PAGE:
Regulation provides the framework for a resilient and dynamic financial system. It necessarily involves appropriate enforcement tools provided for in the law to promote market confidence and investor participation.
But the Australian Securities and Investments Commission (ASIC) also has a statutory obligation to facilitate and improve the performance of the financial system. We are further obliged to do this in a way that reduces costs and supports commercial certainty and economic growth.
While we can achieve these obligations by granting individual waivers (relief) from the law to companies or issuing guidance, ASIC is also looking for other ways to cut the regulatory burden where there is reason to do so.
Good regulatory reform
The most effective regulation is that which addresses a specific problem and does that with as little intervention as necessary. Ideally, it is regulation that entities want to comply with because they know it makes their own business or the system as a whole better.
A rigorous approach to analysing the need for regulation, and gathering evidence about that need and how it may have evolved, is important to good regulatory reform. This involves consulting with affected or interested parties on areas of reform, and gathering empirical evidence of the benefits or costs of implementing the reform.
Being transparent about what we are doing and how we intend to do it not only reduces the risk of surprises, but also means we are informed by the people who will have to work with the rules we make. This is why ASIC has a strong focus on consultation. The consultation process is critical to both understanding regulatory issues and to developing a solution that targets the behaviour that we want to prevent, but goes no further.
There are times, however, where a problem is identified and a solution designed in consultation with industry and consumer representatives, and regulators and policy makers still do not get it perfect the first time. Circumstances change and the arch enemy of policy makers – unintended consequences – arises. It is very important to continue to reflect on and review regulations to determine whether they remain fit for purpose, proportionate and appropriate.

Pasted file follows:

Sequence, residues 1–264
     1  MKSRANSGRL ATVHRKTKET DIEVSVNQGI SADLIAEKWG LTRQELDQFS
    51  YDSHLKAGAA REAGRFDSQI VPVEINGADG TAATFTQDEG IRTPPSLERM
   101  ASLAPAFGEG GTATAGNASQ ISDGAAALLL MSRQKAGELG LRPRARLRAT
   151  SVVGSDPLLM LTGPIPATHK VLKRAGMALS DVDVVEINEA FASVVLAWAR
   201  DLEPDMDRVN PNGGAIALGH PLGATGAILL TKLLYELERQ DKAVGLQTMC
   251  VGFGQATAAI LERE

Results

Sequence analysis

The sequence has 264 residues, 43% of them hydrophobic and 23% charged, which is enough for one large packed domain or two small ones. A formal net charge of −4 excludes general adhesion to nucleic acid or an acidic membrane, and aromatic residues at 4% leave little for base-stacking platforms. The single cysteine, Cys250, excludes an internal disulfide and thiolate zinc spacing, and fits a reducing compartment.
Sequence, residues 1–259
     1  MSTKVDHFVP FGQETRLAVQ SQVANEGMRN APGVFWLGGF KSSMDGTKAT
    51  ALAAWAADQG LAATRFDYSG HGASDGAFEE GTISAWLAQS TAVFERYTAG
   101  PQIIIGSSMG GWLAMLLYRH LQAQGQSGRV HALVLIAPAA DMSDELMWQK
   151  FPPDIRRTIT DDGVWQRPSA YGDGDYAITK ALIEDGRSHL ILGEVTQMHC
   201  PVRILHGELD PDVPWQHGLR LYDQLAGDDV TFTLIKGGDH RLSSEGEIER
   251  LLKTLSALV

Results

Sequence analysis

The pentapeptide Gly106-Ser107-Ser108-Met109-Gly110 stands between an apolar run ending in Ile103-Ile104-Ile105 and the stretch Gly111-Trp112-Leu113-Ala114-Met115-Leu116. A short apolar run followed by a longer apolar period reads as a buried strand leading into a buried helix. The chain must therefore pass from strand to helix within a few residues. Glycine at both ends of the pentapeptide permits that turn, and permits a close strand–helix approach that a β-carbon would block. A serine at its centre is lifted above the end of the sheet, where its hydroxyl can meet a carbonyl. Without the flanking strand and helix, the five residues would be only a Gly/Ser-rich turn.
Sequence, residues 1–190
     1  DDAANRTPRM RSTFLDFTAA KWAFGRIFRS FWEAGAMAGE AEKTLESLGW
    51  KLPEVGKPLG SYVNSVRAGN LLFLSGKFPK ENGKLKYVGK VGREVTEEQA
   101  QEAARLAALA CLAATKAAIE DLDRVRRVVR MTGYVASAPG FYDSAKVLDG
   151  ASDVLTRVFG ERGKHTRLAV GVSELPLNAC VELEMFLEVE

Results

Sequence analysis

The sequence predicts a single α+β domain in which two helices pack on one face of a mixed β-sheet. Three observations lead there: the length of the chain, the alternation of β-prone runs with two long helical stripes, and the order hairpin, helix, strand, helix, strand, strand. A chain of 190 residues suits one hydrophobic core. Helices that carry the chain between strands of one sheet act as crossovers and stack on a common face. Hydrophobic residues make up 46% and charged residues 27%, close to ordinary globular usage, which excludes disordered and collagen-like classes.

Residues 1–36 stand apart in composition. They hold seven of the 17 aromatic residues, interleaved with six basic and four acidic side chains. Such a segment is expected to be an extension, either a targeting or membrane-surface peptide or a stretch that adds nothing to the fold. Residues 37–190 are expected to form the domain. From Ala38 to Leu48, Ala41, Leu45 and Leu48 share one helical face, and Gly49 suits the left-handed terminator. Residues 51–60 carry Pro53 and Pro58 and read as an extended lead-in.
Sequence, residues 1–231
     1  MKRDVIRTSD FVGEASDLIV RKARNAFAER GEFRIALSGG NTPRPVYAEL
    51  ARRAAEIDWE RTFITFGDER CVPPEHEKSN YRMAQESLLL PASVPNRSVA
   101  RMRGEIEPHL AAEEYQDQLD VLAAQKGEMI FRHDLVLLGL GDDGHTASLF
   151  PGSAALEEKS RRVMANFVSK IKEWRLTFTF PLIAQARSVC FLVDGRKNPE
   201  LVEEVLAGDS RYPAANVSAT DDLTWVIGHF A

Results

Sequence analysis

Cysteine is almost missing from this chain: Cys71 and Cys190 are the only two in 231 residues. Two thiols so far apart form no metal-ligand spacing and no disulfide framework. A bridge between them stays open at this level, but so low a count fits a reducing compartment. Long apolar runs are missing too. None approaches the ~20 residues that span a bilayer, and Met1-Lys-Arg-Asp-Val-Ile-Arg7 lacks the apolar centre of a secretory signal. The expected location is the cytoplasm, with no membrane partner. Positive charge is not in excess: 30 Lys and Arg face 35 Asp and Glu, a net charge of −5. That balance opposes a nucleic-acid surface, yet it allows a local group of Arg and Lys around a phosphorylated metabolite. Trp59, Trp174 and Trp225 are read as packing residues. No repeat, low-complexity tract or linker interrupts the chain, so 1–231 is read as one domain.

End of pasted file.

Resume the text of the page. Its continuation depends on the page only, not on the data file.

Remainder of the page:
Cutting red tape
The government has a target of $1 billion in red tape reduction each year. So, ASIC is looking for ways to remove red tape.
ASIC has already made significant progress in contributing to the government’s target, reporting more than $60 million in compliance cost savings in the year to September 2014 alone.
In choosing what areas to focus on ASIC has sought input from staff and also from our regulated population. We have found that there seems to be no single area of law or regulation that businesses are pointing to and telling us it is strangling them with red tape. It is more the cumulative impact of many regulations.
We have seen opportunities to remove or reduce red tape through:
- Upgrading ASIC systems to increase accessibility and save time for people searching for information.
- Providing relief (waivers) to enable the law to accommodate innovation or unanticipated outcomes.
- Issuing regulatory guidance to reduce the cost of complying with regulation.
- Recommending law reforms to the government when we identify changes that might reduce business costs while maintaining regulation for investors and financial consumers.
Another example of reducing compliance costs is re-evaluating the data and information we collect. While we use the majority of information collected in our forms, we have identified some that can be streamlined or are no longer required so we are looking at ways to cut red tape in this regard.
The way we go about administering regulation does matter. Cutting red tape is not just about removing regulatory obligations. ASIC has been looking at interactions we have with our regulated population, including aspects of compliance, to make sure that what we are asking or imposing does what it was intended to do, and in the most efficient way.
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